This is a beautiful artistic photo of a flock of marbled godwits foraging in shallow water.
The marbled godwit (Limosa fedoa) is a large shorebird. On average, it is the largest of the 4 species of godwit. The total length is 40–50 cm (16–20 in), including a large bill of 8–13 cm (3.1–5.1 in), and wingspan is 70–88 cm (28–35 in). Body mass can vary from 240 to 510 g (8.5 to 18.0 oz).
Adults have long blue-grey legs and a very long pink bill with a slight upward curve and dark at the tip. The long neck, breast and belly are pale brown with dark bars on the breast and flanks. The back is mottled and dark. They show cinnamon wing linings in flight.
They nest on the ground, usually in short grass.
These birds forage by probing on mudflats, in marshes, or at the beach (see picture below). When the tide is out, they eat. In short grass, they may pick up insects by sight. They mainly eat insects and crustaceans, but also eat parts of aquatic plants.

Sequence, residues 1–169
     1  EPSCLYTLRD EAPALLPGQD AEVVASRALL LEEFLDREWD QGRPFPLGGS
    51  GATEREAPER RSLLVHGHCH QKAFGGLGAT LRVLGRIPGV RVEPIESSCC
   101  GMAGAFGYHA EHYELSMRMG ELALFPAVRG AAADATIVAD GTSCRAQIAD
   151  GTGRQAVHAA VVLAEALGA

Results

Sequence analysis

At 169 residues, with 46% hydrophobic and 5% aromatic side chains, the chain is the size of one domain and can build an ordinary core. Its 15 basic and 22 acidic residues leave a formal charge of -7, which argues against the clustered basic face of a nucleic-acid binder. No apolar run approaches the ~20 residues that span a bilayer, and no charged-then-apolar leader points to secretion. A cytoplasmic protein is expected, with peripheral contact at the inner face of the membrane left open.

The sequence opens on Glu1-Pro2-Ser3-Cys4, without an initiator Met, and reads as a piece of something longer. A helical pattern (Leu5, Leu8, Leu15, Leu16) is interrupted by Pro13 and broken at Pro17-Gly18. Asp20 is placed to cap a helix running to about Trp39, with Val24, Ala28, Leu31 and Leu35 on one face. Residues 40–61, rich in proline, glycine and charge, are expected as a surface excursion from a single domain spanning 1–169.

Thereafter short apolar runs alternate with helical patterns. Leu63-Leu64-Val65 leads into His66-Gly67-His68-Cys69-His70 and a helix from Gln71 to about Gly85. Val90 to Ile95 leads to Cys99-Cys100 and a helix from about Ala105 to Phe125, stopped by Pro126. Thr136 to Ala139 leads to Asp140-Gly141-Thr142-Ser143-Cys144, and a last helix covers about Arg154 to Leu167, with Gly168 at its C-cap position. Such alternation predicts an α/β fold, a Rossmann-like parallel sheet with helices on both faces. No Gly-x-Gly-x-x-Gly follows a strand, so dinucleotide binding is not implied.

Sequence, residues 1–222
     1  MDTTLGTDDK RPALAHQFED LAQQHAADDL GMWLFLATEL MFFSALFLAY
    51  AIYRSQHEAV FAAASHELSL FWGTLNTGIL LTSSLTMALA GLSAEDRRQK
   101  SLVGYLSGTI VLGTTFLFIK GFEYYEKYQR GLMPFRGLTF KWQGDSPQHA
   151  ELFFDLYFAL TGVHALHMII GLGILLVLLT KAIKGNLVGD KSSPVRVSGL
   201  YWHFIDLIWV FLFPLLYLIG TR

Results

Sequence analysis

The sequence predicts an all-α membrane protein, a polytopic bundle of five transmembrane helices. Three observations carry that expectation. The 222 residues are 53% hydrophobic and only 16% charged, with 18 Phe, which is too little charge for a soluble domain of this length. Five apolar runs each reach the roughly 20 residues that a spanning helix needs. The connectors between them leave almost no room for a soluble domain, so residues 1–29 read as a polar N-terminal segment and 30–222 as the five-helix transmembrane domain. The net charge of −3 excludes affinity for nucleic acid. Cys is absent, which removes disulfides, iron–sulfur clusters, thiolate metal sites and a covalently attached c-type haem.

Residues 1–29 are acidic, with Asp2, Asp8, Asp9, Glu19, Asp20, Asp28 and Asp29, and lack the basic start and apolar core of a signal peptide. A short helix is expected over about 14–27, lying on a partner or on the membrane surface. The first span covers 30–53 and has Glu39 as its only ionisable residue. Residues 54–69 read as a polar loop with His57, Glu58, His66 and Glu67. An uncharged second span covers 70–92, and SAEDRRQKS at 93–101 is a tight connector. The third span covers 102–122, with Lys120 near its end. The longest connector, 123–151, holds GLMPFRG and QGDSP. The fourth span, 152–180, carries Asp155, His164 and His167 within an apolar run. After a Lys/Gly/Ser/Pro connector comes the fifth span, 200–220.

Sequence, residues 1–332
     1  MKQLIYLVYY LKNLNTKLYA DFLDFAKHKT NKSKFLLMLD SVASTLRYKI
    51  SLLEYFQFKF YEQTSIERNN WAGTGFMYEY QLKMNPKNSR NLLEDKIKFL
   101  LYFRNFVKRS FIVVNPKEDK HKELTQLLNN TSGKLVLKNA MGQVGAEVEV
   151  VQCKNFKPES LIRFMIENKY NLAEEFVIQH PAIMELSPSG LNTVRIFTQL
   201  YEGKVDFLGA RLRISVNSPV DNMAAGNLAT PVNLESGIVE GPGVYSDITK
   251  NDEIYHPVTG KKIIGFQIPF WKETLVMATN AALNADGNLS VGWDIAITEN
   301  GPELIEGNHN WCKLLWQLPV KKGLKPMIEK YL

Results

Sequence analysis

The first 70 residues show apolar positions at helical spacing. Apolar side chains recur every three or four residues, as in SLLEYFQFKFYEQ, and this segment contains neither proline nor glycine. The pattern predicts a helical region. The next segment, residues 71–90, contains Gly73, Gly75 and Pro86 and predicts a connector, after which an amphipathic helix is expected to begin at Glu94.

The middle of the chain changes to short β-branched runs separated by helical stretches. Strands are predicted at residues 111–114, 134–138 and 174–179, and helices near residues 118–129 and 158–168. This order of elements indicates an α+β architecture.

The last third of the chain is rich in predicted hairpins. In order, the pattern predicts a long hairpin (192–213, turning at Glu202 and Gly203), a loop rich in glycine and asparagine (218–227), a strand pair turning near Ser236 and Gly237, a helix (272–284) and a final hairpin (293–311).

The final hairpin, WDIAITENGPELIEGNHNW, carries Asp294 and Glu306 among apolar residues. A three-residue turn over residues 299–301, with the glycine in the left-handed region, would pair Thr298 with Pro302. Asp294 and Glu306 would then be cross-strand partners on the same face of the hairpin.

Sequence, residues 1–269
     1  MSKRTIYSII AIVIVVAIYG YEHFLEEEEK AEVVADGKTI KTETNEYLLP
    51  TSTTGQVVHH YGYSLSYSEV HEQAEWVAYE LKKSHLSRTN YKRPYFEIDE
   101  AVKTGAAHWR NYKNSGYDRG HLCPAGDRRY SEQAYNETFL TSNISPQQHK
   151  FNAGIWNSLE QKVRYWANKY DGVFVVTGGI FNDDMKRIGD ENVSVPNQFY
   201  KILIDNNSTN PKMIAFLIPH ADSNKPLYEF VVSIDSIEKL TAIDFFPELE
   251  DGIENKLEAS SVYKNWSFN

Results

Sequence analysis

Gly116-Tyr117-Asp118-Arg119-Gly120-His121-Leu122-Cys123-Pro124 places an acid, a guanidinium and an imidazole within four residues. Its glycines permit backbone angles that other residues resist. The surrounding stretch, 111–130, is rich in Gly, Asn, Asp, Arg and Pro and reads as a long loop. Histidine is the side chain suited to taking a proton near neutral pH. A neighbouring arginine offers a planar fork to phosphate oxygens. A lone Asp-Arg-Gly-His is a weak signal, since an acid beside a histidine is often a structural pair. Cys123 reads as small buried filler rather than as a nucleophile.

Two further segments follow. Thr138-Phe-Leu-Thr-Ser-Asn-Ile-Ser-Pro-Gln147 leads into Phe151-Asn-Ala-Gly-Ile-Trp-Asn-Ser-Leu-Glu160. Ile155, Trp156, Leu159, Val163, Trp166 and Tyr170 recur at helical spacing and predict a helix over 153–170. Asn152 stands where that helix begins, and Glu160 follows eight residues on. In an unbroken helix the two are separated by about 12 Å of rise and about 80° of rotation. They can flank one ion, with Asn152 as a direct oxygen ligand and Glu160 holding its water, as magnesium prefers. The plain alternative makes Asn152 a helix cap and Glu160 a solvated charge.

When the tide is in, they roost. They often sleep by standing on one leg and tucking their bill into their body (see picture below).
Their numbers were reduced by hunting at the end of the 19th century. Although they had recovered somewhat since that time, their population has declined in recent times as suitable habitat is used for farming.
* Copyright Felix Lai. Watermark will not appear on final prints of the photograph.
February 12th, 2021
Viewed 633 Times - Last Visitor from High Wycombe, B9 - United Kingdom on 03/04/2021 at 3:50 PM